The minutes from the most recent LPS National Steering Group make for interesting reading for all those in the care home sector. We learn from these that the Government has decided that “now is not the right time” to introduce the care home manager role in England that was previously envisioned under LPS. It had recently been confirmed that the public consultation on the draft regulations and Code of Practice for LPS will be taking place in Spring 2021 and implementation of the LPS is some way off, anticipated to be in April 2022. In the meantime this is an important update for care home providers that gives the sector some clarity at this earlier stage.
Under the Mental Capacity (Amendment) Act 2019, the care home manager role was going to have involved making arrangements for assessments, gathering evidence as to whether someone was going to be deprived of their liberty, obtaining their views on their care arrangements and whether the necessary conditions for an authorisation were met.
The minutes reflect that the care home manager role in LPS has always been contentious. They state that the care home manager was envisaged to take the lead on the LPS process “reducing the burden on local authorities and CCGs” and this would be beneficial as they would know the person and their wishes and feelings. However, the provisions were unpopular with many, not least the care home sector, who were rightly concerned about the implications of taking on this additional role and by those who saw a potential conflict of interest in the role envisaged in the legislation. The minutes state that the Government believes the aims of the care home manager role are still valid, but they will be focusing on the other aspects of the implementation of LPS and the care home manager role will not be introduced in England in April 2022.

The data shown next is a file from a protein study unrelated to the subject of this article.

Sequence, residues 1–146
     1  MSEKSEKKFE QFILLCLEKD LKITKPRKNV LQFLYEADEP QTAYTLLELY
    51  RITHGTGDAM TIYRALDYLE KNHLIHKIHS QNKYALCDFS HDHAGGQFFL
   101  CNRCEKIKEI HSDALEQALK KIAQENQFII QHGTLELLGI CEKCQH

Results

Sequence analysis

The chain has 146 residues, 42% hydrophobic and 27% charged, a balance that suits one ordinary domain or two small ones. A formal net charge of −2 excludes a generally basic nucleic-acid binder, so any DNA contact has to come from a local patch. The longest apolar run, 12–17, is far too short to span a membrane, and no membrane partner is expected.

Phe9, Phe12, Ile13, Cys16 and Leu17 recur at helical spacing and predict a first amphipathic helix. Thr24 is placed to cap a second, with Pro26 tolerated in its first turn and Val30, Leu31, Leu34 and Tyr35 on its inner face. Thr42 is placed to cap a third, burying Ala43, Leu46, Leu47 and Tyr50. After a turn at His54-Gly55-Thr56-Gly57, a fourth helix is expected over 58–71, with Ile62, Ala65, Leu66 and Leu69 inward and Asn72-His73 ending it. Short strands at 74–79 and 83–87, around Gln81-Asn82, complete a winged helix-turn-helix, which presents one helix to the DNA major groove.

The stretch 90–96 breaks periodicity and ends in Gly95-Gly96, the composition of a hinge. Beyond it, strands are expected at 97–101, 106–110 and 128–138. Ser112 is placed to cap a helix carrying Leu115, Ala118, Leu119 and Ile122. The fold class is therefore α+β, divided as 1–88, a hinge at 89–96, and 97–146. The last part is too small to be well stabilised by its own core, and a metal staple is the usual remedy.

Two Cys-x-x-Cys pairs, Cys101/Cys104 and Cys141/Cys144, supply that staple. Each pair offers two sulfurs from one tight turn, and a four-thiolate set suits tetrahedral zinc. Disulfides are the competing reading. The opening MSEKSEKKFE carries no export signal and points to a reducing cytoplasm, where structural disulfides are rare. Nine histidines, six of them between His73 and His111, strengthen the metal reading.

This is not necessarily the end of the matter. The Government states it will keep the care home manager role “under review” and it will be informed by the public consultation next year. But, for now we know that it will not be implemented in England any time soon, if at all.
The minutes also explain that there will be six sets of regulations covering:
• The IMCA role under LPS
• Approved Mental Capacity Professional – the criteria for becoming one and mandatory training requirements
• The transitional arrangements from DoLS to LPS
• Who can carry out assessments and determinations under LPS
• Consequential regulations about the other legislation that will need to be amended as a result of Mental Capacity Amendment Act 2019
• Monitoring and reporting LPS
As well as the draft regulations that are due to be available in Spring 2021, the draft Code of Practice will be expected at this time and will contain the detail of how LPS will work in practice.
A further update is expected around December, after the steering group have met again.
 Which was held on 13 October 2020, but the minutes for which have only just been published by the Department of Health and Social Care - https://app.box.com/s/bt5rdrfdudhcyh8fygv0nyeh0qsnfhu3